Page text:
using the arrow buttons.
by clicking on the page.
the page around when zoomed in by dragging it.
the zoom using the slider when zoomed-in.
by clicking on the zoomed-in page.
by entering text in the search field, and select "This Issue" or "All Issues"
by clicking on thumbnails to select pages, and then press the print button.
displays sections with thumbnails and descriptions.
displays a slider of thumbnails. Click on a page to jump.
allows you to browse the full archive.
about your subscription?
Lions Roar : March 2007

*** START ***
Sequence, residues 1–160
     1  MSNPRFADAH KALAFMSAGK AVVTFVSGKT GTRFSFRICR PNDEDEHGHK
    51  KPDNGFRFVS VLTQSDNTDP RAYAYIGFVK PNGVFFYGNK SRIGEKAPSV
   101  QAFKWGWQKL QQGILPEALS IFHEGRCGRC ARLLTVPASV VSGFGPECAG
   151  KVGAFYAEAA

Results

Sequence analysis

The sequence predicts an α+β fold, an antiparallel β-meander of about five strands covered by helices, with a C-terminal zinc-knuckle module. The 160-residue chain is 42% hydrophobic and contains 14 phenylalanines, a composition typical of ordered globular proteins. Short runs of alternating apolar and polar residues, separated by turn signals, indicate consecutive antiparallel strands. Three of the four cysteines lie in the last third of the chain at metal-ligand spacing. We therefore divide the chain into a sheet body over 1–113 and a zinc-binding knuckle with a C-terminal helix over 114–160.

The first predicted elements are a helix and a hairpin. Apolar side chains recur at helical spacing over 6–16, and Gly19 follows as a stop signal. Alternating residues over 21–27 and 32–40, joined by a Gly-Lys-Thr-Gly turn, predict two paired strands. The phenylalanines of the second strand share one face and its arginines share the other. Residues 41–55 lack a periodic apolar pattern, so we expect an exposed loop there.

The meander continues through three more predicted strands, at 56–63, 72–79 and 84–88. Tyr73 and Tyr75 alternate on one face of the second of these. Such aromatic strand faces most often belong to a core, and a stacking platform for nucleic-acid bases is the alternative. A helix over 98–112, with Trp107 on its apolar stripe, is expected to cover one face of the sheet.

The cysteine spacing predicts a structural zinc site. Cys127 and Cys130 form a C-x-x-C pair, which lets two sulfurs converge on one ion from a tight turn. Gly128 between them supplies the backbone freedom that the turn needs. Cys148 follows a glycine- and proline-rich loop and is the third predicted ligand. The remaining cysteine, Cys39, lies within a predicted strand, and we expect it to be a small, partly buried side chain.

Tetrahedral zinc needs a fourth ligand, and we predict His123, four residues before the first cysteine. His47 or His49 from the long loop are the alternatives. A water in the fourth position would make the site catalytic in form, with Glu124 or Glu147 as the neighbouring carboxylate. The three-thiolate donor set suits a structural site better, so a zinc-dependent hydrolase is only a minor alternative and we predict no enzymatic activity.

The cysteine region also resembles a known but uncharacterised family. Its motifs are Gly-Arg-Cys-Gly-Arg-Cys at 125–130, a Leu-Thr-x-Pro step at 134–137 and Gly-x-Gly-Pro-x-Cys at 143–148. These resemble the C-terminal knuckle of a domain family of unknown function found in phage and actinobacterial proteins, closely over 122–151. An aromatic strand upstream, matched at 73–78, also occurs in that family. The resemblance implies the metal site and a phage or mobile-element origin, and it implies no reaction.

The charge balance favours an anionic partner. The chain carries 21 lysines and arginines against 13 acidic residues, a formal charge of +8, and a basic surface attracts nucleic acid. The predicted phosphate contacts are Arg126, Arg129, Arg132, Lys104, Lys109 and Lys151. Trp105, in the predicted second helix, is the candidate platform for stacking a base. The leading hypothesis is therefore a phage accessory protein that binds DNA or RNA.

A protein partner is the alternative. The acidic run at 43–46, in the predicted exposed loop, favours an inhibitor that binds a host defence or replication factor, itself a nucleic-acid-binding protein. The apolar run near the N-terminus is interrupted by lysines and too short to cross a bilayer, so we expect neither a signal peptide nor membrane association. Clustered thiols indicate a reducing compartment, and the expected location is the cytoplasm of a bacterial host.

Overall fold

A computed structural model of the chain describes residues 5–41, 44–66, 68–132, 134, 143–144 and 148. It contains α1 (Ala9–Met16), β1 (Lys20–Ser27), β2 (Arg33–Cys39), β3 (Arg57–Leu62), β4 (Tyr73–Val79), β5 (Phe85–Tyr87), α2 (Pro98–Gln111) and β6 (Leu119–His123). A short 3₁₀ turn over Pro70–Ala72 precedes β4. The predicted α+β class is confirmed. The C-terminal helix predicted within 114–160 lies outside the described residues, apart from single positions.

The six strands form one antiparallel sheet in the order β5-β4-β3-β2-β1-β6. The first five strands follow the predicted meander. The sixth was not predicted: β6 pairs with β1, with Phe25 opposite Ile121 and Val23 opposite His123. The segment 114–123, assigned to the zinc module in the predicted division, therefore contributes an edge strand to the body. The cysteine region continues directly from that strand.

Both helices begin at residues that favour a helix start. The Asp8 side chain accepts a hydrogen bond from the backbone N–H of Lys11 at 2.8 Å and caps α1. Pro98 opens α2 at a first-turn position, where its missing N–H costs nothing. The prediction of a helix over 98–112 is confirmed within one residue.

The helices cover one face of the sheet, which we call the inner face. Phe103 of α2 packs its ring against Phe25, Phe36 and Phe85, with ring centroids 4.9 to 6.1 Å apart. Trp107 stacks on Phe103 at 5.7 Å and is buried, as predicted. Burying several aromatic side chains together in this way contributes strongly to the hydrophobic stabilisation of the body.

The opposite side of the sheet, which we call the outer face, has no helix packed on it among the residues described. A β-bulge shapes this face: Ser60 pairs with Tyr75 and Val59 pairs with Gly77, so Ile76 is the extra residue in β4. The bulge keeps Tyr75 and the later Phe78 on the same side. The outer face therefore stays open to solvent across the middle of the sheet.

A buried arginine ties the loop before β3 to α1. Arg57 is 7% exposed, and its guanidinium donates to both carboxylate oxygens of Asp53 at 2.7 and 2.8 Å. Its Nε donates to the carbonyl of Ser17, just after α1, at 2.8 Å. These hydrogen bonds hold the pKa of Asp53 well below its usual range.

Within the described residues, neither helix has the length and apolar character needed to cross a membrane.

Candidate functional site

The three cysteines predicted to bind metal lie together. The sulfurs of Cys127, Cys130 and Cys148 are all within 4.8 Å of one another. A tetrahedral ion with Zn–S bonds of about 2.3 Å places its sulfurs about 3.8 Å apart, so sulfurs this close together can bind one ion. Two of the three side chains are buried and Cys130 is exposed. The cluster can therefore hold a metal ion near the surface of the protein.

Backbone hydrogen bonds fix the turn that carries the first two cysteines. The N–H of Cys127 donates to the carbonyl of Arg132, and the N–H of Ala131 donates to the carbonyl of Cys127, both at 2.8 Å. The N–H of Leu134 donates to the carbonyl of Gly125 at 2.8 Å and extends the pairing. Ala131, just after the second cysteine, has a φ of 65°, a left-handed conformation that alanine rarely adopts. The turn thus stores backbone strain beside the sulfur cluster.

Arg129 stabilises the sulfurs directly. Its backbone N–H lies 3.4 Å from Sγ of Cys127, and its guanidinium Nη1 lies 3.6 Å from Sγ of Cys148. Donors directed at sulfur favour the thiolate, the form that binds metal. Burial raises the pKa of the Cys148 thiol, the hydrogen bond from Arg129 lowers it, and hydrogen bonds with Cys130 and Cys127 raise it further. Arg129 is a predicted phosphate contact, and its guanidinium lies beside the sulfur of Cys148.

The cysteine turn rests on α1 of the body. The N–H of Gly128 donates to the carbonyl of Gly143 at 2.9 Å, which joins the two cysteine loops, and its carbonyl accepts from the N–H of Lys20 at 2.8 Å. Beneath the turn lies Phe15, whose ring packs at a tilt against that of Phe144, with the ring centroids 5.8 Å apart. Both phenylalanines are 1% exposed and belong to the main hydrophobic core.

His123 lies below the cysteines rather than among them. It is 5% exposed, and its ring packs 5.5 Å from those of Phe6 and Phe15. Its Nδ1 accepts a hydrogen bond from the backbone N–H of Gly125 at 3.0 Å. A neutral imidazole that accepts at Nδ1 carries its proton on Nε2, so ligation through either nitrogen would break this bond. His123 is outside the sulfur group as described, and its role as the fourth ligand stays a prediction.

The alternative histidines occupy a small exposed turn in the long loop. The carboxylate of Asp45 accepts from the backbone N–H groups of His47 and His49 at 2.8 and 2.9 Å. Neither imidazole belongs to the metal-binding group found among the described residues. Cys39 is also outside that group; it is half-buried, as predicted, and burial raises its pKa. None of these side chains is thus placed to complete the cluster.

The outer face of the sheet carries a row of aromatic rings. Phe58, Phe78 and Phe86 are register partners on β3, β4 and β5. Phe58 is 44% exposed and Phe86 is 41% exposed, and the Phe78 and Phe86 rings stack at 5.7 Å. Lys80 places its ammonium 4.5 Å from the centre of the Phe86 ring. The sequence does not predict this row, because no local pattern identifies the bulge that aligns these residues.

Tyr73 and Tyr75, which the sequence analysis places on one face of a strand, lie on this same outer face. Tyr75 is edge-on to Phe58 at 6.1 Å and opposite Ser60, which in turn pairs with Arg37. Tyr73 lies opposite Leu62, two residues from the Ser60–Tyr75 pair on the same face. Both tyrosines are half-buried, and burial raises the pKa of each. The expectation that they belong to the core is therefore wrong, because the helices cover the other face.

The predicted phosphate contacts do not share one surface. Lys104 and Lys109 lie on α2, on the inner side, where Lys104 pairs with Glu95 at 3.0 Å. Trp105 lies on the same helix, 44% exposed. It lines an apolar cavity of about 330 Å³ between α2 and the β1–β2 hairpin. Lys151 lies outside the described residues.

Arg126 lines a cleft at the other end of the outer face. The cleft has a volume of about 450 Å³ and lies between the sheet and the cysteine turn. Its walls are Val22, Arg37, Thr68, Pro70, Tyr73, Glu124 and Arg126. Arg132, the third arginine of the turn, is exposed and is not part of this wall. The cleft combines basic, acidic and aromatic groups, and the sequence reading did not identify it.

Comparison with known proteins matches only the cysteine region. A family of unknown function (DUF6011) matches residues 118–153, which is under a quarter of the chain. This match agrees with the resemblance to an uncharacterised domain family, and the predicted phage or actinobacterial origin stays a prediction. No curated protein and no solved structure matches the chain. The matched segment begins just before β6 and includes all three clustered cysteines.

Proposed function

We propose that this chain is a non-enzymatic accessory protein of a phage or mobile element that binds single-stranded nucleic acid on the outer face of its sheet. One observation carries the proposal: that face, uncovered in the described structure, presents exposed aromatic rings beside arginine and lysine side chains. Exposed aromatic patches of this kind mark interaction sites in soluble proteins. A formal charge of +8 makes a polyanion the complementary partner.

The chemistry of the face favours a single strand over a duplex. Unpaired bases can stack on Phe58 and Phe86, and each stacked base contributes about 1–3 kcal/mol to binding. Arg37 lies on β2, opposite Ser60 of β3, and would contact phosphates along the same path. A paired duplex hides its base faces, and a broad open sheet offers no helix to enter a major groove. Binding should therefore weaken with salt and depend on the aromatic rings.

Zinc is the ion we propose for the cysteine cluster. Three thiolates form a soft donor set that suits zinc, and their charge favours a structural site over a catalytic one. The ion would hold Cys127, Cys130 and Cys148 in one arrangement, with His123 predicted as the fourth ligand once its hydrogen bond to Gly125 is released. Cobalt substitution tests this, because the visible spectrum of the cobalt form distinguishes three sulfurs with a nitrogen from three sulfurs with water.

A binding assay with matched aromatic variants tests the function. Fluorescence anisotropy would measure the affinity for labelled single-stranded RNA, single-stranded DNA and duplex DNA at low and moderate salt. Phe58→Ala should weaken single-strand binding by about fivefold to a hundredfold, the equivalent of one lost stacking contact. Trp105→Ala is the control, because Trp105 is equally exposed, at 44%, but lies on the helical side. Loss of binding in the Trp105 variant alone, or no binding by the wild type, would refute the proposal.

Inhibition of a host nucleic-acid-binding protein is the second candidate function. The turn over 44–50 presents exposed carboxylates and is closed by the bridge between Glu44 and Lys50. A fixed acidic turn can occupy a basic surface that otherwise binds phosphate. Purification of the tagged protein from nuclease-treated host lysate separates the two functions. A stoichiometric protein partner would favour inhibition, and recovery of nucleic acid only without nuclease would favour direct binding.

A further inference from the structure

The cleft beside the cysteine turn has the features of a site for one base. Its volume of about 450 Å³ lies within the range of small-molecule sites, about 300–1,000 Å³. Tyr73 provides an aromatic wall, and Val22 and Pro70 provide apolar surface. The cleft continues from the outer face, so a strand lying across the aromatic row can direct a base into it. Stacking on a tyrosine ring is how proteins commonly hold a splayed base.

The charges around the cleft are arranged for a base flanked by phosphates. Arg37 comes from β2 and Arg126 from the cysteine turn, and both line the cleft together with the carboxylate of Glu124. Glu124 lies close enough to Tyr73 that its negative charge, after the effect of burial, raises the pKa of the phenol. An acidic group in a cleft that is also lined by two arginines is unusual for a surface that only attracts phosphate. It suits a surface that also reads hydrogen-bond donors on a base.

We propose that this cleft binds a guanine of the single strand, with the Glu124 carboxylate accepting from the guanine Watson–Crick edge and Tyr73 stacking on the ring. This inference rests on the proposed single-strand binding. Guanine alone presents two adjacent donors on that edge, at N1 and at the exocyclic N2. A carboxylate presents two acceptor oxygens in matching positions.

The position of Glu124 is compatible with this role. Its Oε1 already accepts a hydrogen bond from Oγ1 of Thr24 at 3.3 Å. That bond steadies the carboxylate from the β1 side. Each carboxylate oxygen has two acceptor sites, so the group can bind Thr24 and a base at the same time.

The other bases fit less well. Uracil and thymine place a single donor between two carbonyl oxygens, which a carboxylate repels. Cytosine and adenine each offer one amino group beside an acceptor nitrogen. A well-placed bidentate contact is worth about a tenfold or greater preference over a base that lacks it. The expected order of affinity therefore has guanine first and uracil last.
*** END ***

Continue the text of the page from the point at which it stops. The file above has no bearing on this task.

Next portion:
MINDFULNESS OF BODY, the foun- dation of mindfulness, is connected with the need for a sense of being, a sense of groundedness. To begin with, there is some prob- lem about what we understand by body. We sit on chairs or on the ground; we eat; we sleep; we wear clothes. But the body we relate with in going through these activities is questionable. According to the tradition, the body we think we have is what is known as psychosomatic body. It is largely based on projections and concepts of body. This psychosomatic body contrasts with the enlightened person’s sense of body, which might be called “body- body.” This sense of body is free from conceptualizations. It is just simple and straightforward. There is a direct relationship with the earth. As for us, we do not actually have a relationship with the earth. We have some relation- ship with body, but it is very uncertain and erratic. We flicker back and forth between body and some- thing else—fantasies, ideas. That seems to be our basic situation. Even though the psychosomatic body is constituted by projec- tions of body, it can be quite solid in terms of those projections. We have expectations concerning the existence of this body; therefore we have to refuel it, entertain it, wash it. Through this psychosomatic body we are able to experience a sense of being. For instance, as you listen to this talk, you feel that you are sitting on the ground. But your sitting here at this point is not actually very much a matter of your body per se sitting on the ground; it is far more a matter of your psychosomatic body sitting on the ground. You are somewhat involved in sitting per se, but at the same time you are not. Mind is doing it; concept is doing it. Your mind is shaping the situation in accordance with your body. Your mind is sitting on the ground. Your mind is taking notes. Your mind is wearing glasses. Your mind has such-and-such a hairdo; your mind is wearing such-and-such clothes. Everyone is creat- ing a world according to the body situation, but largely out of contact with it. That is the psychosomatic process. Mindfulness of body brings this all-pervasive, mind-imitating- body activity into the practice of meditation. The practice of meditation has to take into account that mind continually shapes itself into bodylike attitudes. Consequently, since the time of Buddha, sitting meditation has been recommended and prac- ticed, and it has proved to be the best way of dealing with this sit- uation. Mindfulness of body plays a very important role in this technique. In this case, mindfulness means that when you sit and meditate, you actual- ly do sit. You actually do sit, as far as the psychosomatic body is concerned. You feel the ground, body, breath, temperature. You don’t try specifically to watch and keep track of what is going on. You don’t try to formalize the sitting situation and make it into some special activity that you are performing. You just sit. And then you begin to feel that there is some sense of groundedness. This is not particularly a product of being deliberate, but it is more the force of the actual fact of being there. So you sit. And you sit. And you breathe. And you sit and you breathe. Sometimes you think, but still you are think- ing sitting thoughts. The psychosomatic body is sitting, so your thoughts have a flat bottom. Mindfulness of body is connected with the earth. It is an openness that has a base, a foundation. A quality of expansive awareness develops through mindfulness of body—a sense of being settled and of therefore being able to afford to open out. Mindfulness of body means just trying to remain a human being, an ordinary human being. The basic starting point for this is solidness, groundedness. When you sit, you actually sit. Even your floating thoughts begin to sit on their own bottoms. There are no particular problems. You have a sense of solidness and groundedness, and, at the same time, a sense of being. Without this particular foundation of mindfulness, the rest of your meditation practice could be very airy-fairy—vacil- lating back and forth, trying this and trying that. You could be constantly tiptoeing on the surface of the universe, not actually getting a foothold anywhere. You could become an eternal hitchhiker. So with this first technique you develop some basic solidness. In mindfulness of body, there is a sense of finding some home ground. ♦ Adapted from “The Four Foundations of Mindfulness,” from The Collected Works of Chögyam Trungpa, Volume Three. © 2003 by Diana J. Mukpo. Published by Shambhala Publications. SHAMBHALA SUN MARCH 2007 63 Mindfulness of Body CHÖGYAM TRUNGPA says that mindfulness of body—of our real body, not the mental version we usually experience—is what stops our spiritual practice from spinning off into fantasy. The asana of meditation: one of the five lohan (arhat) statues, which Chögyam Trungpa considered outstanding examples of sitting meditation posture. LUOHAN,CHINESE,(907-1234).THENELSON-ATKINSMUSEUMOFART,KANSASCITY,MISSOURI.PURCHASE:NELSONTRUST,34-6.PHOTO:JAMISONMILLER